Review: Under the Eiffel Tower
Matt Walsh may be a name you sort of recognise.
He was in Veep for a while and had a small role in that awful Ghostbusters remake but the one thing his career was screaming for (apparently) was the lead role in a romantic comedy set in France. Yes, the apparent niche market for those wanting to see Walsh woo the Parisian culture can rest easy knowing that Under the Eiffel Tower does just that.
It’s basically a niche now, isn’t it? The Parisian romantic drama with a splash of comedy. Le Week-end, Amelie and Midnight in Paris are just the tip of a very large, mediocre iceberg that seems to crash into the box office every few years or so. But for some strange reason, no matter the quality of these cliché romance stories that are light on drama and lighter on memorability, I enjoy them nonetheless.
Some of the writing – and most of the dialogue – is fairly unbearable throughout; for the most part the film is carried by the moderate strengths of the performances. Unfortunately, the more you reflect on this, the more you realise that it’s not even that good. Walsh in the lead role is solid enough, he avoids the trials and tribulations that put Ed Helms through the ringer in films like The Clapper and Cedar Rapids.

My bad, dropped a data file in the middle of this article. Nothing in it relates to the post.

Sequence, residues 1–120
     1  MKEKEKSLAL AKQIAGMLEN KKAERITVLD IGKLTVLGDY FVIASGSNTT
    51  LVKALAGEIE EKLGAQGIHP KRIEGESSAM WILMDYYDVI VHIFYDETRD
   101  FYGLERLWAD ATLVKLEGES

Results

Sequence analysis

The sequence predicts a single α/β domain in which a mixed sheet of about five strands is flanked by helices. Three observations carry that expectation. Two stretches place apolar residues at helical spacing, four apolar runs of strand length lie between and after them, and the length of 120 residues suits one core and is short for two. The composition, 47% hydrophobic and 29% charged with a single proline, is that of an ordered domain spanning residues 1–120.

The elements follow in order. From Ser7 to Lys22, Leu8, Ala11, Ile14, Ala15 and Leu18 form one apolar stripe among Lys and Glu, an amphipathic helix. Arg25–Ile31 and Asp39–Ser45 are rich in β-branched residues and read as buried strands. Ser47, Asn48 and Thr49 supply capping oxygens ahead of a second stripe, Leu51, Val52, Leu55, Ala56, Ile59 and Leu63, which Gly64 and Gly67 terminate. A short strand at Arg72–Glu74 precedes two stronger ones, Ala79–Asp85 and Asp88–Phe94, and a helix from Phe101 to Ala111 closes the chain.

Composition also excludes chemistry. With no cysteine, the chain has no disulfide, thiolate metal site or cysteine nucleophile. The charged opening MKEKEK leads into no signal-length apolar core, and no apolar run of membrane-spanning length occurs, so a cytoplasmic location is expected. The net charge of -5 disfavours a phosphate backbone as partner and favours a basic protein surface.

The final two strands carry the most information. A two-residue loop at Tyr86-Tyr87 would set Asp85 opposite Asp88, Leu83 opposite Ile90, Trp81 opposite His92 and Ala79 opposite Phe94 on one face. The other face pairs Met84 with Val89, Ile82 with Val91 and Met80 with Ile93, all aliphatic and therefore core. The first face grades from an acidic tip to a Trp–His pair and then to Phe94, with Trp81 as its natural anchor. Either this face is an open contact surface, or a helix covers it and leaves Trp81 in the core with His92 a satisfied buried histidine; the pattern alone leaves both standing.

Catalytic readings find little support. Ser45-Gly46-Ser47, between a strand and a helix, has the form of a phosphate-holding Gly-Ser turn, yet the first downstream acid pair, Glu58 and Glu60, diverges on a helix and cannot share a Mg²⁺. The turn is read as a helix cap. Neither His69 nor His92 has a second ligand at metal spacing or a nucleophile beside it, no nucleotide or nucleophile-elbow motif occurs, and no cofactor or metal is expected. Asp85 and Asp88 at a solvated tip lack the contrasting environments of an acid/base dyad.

The movie is fine. It’s not bad, but it’s not good either – a watchable experience that, moments after finishing, will leave no thought, good or bad. The cast are fine, as are the direction and editing and sound and everything in-between. It’s the expected schlock you’d get from your everyday romantic movie, finishing with an odd open-ending that doesn’t make much sense.
For some reason, no matter how empty and shallow this movie determines t0 present itself, it has an odd draw to it. Maybe it’s the blending of Walsh, a unique plot and a cliché setting that make this work somewhat. Gary Cole is also there for all of five minutes, and it remains more of a sigh of relief to see him still getting work than anything else.
Still, if you’re looking for something to pass the time, for some filler that needs no concentration whatsoever, then this is the movie for you. Under the Eiffel Tower falls flat a fair few times, and it’s borderline laughable at one point – but it has enough of a strange charm for me to recommend it as an easy watch.